The artwork is pretty much identical to Fears as it probably should be when helmed by Tim Sale. Batman thinks of the Mad Hatter and how he disturbs him even above Joker, Scarecrow and Two-Face because of how he perverts his childhood memories of ‘Alice in Wonderland‘. When you think about it is a bit weirder than the other named villains and in Madness he has kidnapped some children. After a brief chase Mad Hatter gets the better of Batman on a one v one which is a bit of a surprise considering Mad Hatter isn’t the most combat gifted villain. Then again, we are still in Bruce’s early days…
We get to see a bit more of the Gordon household and James’ strained relationship at times with Barbara. We also get a glimpse into Bruce Wayne’s childhood the night of his parents murder, they were reading Alice in Wonderland before they left to watch The Mark of Zorro. Now we know why he doesn’t like the Hatter so much.
Following the argument with her Dad, Barbara flees the house and lands herself into trouble with some thugs in skull costumes, she manages to get away only to be found by the Mad Hatter. At this stage she had clearly not donned the cape of Batgirl or had any training as she appears to be a weak and defenceless girl. The scene with the thugs is a bit grim and unless I’m mistaken they were possibly going to rape her. Jeph Loeb and Tim Sale do have a habit or producing dark scripts and images but never quite like this. I’m not complaining, it does give it a sense of realism and that Gotham City is a real city with real crime.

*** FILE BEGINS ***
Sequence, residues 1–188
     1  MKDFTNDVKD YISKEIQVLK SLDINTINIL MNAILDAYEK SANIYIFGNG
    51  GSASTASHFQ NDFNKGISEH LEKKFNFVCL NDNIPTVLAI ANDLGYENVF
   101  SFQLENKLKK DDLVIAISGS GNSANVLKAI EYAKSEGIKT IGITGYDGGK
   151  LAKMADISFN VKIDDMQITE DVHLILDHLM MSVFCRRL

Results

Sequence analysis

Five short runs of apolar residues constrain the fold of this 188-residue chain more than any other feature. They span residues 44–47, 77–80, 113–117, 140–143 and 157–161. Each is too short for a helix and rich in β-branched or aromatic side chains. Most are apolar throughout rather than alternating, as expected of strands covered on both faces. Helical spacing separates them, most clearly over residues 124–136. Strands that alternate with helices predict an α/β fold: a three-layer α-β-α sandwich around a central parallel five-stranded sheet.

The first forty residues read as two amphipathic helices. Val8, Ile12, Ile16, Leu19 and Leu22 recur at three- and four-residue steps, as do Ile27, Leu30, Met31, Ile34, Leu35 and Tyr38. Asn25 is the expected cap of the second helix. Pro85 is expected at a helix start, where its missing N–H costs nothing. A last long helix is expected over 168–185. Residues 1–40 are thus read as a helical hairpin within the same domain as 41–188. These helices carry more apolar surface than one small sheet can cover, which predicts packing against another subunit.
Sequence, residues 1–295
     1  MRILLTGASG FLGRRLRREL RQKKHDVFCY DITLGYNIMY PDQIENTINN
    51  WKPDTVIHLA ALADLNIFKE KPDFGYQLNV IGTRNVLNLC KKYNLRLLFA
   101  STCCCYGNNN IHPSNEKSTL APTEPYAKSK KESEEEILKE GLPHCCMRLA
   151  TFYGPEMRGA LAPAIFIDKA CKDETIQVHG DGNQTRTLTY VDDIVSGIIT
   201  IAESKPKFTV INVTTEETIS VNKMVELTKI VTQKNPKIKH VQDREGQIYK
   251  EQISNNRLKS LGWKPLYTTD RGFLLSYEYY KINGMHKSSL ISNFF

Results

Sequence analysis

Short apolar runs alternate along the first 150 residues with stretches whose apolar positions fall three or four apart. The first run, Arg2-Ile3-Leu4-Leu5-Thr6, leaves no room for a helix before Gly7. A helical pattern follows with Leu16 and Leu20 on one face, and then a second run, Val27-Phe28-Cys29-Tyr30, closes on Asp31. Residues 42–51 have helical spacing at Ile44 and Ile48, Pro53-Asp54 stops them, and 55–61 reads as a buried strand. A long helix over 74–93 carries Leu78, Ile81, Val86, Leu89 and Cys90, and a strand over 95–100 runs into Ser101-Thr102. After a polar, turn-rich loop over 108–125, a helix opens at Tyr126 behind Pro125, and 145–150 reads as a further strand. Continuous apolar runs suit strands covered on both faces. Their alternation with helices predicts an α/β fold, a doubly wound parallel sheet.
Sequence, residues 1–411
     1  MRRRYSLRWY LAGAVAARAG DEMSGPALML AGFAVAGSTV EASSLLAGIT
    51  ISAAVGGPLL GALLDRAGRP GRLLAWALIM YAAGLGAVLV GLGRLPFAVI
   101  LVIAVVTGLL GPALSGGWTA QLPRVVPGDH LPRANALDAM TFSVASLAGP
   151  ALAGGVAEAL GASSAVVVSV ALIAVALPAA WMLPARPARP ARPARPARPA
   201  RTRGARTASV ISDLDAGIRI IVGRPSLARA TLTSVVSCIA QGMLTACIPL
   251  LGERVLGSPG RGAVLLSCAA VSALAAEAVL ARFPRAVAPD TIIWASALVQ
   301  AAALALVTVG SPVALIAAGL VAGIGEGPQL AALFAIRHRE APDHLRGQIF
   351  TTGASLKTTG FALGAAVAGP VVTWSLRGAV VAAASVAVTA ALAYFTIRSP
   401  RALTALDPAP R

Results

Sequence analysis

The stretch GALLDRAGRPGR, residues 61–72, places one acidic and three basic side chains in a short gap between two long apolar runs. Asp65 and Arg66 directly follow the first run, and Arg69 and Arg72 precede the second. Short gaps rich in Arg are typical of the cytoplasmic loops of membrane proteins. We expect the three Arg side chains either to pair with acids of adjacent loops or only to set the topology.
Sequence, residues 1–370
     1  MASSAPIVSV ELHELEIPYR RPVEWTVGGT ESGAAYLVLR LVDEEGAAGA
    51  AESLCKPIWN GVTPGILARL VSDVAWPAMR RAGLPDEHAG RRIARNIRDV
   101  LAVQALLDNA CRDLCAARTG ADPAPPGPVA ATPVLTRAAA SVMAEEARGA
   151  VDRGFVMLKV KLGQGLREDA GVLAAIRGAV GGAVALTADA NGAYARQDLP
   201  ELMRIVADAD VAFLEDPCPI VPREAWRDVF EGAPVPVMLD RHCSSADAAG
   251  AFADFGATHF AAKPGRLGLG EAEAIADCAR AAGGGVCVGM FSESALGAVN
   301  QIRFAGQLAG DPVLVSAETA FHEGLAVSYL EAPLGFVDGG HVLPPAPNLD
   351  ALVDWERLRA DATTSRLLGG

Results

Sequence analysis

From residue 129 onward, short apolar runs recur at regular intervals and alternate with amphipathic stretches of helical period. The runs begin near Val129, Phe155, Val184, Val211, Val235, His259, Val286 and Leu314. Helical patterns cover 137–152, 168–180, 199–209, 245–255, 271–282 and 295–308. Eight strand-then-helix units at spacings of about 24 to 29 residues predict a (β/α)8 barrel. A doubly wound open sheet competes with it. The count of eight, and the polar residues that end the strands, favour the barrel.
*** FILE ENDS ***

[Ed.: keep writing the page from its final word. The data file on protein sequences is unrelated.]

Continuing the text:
Struggling to get up from the clash with Hatter, Batman is delusional and slips into madness which I assumed would be the theme of the book anyway. So far, Madness is turning into a really gripping dark tale with a lot of inner monologues and dark thoughts by all involved. Mad Hatter exemplifies the madness with his really odd and nasty presence.
The weirdness continues as Barbara is invited for tea with The Mad Hatter. Despite being terrified she stands her ground and doesn’t accept the tea – she just doesn’t like tea (who doesn’t like tea?!). Batman’s found in a bad state by Leslie Thompkins, a very old friend of Bruce and the Wayne family and one I’m quite familiar with.
Batman is patched up just in time to join James Gordon before they raid the tea part. Batman analyses the situation methodically trying to figure out the best approach to keep the kids, and Barbara, safe before James Gordon steams in. Together, they take Hatter down and Barbara is safe. Batman goes home and rather than avoid his problems takes them head on and starts to read Alice in Wonderland.
It’s not a short issue in particular but many of the scenes were drawn out and explored in depth. A good story if not a little slow. Much like Fears, Madness explores what Batman is thinking rather than what Batman is doing. Haunted Knight is especially good for those who want to know what’s going on in Bruce’s head.